The Care and Feeding of Dashed Hopes
The disappointment of imperfection and dashed hopes can be the worst kind, particularly when your expectations were set inappropriately high.
I’m not a big fan of dashed hopes and don’t often take take it well when shown this kind of disappointment can occur.
Sometimes it happens in life, sometimes in wine. Among the most recent set of dashed hopes I’ve had to cope with was the disintegration of a set of wines I expected to find great joy from, but discovered, upon opening them, that they had died. And it didn’t look like a good death they suffered.
Opening my 1976, 1977 and 1978 Stony Hill Chardonnay I had great hopes for that caramelized, apricot, nutty character I love so much in old white wine. To look at them they seemed fine. Golden colored, crystal clear. Magnificent looking 30 year old CA Chard.
They were undrinkable.
I don’t know if I killed them or not, but I’m going assume just for the sake of my own peace of mind that I didn’t (though it is a real possibility). They had been kept in a friend’s temperature controlled, bonded garage for about 8 years since they were purchased at auction. It is possible that sustained heat may have overtaken their place of rest. Maybe it was just their natural reaction to my own neglect of their care and feeding. I’d not looked at them since I purchased them and placed them in storage.
Their nose was sour, acrid and oxidized in the extreme. I did sip each one, but really only out of sympathy and because they deserved and earned it.
I had planned to spend a great deal of time with these friends. I wanted to look at them, spend time with their aromas, dissect the vintage variation, and slowly down them in moderation while thinking back on 1976, 1977 and 1978. Their condition made it nearly impossible for me to extract a single memory of those years. I think disappointment distracts the memory.
I really don’t know if I want to invest the time and energy into these kind of relationships in the future. It’s not the first time I’ve been disappointed and suffered though dashed expectations. But the more it happens the less willing I am to invest the remaining cache of hope that’s still above water. It seems easier to invest in short term frolics where no expectations is the name of the game.
I’m tempted to pull out the remaining 25 or so Stony Hills in the collection and start uncorking. I just can’t bring myself to do it right now. I want the disappointment to dissipate first.
the wines could have been ruined before you bought them. Eight years ago, they were still more than 20 years old. Did you know the provenance when you purchased the wines?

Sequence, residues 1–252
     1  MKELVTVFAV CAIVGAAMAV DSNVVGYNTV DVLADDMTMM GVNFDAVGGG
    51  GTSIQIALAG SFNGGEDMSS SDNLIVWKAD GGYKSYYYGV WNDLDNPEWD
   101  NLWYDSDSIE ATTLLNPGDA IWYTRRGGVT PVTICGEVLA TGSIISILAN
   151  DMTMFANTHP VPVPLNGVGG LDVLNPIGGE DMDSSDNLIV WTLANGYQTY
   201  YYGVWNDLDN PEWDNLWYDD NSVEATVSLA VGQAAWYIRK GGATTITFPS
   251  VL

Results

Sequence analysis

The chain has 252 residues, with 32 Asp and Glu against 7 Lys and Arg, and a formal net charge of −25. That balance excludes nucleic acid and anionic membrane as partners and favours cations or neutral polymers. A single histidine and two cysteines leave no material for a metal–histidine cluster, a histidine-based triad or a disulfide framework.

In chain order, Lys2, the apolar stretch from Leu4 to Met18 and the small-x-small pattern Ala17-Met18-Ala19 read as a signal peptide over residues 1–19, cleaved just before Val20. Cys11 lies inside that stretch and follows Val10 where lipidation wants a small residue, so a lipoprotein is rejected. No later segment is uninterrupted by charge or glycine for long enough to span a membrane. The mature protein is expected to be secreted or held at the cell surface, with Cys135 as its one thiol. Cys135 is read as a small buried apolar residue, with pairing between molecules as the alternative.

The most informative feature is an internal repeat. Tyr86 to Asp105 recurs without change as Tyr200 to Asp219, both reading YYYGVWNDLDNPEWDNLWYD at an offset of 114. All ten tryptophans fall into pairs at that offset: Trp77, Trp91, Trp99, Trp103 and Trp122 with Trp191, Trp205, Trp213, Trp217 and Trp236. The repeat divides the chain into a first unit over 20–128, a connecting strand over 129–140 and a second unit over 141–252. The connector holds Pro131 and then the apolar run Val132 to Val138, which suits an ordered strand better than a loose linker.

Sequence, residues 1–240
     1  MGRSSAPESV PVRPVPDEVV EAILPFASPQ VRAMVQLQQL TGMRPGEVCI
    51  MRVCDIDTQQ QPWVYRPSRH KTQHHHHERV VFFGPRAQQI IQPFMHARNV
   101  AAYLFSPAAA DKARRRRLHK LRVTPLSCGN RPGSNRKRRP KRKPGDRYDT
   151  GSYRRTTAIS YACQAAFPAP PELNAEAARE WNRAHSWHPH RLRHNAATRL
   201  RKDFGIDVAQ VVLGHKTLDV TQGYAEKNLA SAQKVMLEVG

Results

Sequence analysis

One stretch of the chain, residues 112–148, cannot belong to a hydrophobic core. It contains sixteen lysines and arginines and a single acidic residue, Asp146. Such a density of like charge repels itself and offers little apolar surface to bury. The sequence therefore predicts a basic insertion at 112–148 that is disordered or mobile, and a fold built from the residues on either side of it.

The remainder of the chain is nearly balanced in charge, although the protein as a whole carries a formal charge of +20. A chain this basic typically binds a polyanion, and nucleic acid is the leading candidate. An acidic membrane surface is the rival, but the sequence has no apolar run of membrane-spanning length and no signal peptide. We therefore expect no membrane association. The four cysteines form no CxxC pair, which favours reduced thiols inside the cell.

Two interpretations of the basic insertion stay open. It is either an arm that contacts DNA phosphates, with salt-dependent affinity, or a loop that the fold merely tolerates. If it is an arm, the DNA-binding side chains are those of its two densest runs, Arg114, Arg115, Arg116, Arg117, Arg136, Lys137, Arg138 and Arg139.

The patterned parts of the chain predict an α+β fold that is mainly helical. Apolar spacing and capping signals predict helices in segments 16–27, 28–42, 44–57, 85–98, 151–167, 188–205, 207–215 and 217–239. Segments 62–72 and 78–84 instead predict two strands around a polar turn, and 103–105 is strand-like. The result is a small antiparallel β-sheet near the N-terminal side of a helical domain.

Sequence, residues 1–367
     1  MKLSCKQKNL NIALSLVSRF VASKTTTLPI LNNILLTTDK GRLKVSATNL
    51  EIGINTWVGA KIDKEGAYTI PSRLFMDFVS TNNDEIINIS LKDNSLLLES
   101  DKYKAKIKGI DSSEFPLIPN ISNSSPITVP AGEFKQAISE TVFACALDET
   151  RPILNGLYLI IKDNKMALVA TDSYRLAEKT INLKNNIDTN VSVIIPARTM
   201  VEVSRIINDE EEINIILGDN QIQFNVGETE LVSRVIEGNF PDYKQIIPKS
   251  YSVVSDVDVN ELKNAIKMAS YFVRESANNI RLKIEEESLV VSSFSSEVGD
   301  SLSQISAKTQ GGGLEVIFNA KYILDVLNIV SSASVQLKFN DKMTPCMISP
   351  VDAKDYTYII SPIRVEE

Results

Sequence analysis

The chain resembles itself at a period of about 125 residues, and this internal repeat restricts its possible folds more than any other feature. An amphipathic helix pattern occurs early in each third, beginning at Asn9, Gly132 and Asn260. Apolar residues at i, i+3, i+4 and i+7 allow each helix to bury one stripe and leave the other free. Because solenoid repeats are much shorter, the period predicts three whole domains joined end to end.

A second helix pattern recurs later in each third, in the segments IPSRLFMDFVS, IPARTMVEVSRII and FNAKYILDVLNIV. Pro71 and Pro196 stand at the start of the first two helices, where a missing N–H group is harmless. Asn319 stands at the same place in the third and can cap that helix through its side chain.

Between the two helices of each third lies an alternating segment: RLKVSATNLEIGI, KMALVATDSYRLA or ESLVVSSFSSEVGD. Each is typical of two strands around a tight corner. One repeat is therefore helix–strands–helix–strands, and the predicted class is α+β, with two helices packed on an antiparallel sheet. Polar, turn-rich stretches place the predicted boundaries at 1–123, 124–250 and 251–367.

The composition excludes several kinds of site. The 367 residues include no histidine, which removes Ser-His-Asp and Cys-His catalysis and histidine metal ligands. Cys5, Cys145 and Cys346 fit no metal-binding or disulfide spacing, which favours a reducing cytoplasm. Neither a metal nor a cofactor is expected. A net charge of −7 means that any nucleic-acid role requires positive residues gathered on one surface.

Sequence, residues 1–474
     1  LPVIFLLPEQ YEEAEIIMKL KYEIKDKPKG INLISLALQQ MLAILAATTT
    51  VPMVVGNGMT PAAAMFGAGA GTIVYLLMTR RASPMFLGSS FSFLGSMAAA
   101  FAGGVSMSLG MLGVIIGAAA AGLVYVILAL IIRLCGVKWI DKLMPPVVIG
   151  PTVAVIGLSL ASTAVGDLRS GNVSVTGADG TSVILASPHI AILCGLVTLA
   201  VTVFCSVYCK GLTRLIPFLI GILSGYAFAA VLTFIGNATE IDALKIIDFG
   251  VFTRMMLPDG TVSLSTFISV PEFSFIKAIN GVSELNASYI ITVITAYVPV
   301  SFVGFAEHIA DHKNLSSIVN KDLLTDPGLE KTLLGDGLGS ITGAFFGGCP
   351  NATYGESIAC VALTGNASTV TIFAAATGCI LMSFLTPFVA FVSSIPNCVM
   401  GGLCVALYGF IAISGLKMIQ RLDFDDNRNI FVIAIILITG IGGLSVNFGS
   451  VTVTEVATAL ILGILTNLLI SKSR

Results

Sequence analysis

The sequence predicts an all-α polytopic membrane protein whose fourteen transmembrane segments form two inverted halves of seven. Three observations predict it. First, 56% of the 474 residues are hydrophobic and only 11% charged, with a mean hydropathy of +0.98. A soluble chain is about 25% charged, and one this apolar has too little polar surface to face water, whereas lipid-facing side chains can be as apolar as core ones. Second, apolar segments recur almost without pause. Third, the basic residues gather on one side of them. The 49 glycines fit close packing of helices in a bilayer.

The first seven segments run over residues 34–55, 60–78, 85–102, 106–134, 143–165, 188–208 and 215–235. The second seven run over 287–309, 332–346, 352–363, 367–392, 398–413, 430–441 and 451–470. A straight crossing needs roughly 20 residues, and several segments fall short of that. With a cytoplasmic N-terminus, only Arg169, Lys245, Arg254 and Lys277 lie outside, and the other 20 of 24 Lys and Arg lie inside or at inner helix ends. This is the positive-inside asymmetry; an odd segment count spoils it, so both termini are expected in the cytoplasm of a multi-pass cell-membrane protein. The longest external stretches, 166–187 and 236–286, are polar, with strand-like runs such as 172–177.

I have a ’72 Chardonnay made by Stony Hill, but the grapes were from a grower and Fred decided not to bottle it as SH and it was sold as a Corti Bros. special label at about $1.50 a bottle. I drank a few of them, but the wine had 55 free SO2. Having consumed at that time some 1945 White Burgundy that had been bottled with similar levels of SO2 I kept a bottle to see how it would age. Then about 20 years ago I put it in storage with a bunch of whites that I wanted to slow down at 35 – 40 degrees. The wine is light in color with little ullage. I think it will be spectacular. Someday, if I remember, I’ll share it with Corti.
Over my almost 30 years of wine drinking, I have gotten away from cellaring wines for a long time, and from buying wines that need long-term cellaring. The disappointment of waiting too long — even if the wine isn’t undrinkable but merely a little past its peak — is, for me personally, too acute and unpleasant. As a general rule, I’d much rather drink a wine a little too young than a little too old.
Sorry to hear that – I wonder what happened. 🙁
It is a great, truly great, wine, that can withstand time. That’s why there are premier crus and first growths, and famous German Rieslings. California has produced wines on that level, but they defy prediction. I have talked to a lot of growers, and I have been fortunate to have tasted a lot of good Napa wines of a certain age. Napa reds, the good ones, max out at ten years. Whites, if you like the caramel and candy character, can last as long. I have had some wines twenty and thirty years old, from Napa, that were still fabulous. They were the exception. I have tasted a lot of older wines from respected producers, and they are leathery, dusty, and thin, with maybe some floral aromatics. There’s a reason that the great wines of the world have the reputation and price that they do. There aren’t many of them. Be realistic. Stony Hill makes world class, balanced, nuanced, special wine that speaks of a place. Isn’t that enough? How will you taste when you’re 70, 80, 90 years old?
Well that just sounds like the disappointment of any long-term relationship. And, as is the rule when you get knocked down, quit your belly aching and get up again. There’s plenty of great wine out there.
I have to be honest with you: my heart sank just a little bit after reading this post.
This should be made into a short film and be at the Sundance Festival.
Did you know the provenance when you purchased the wines?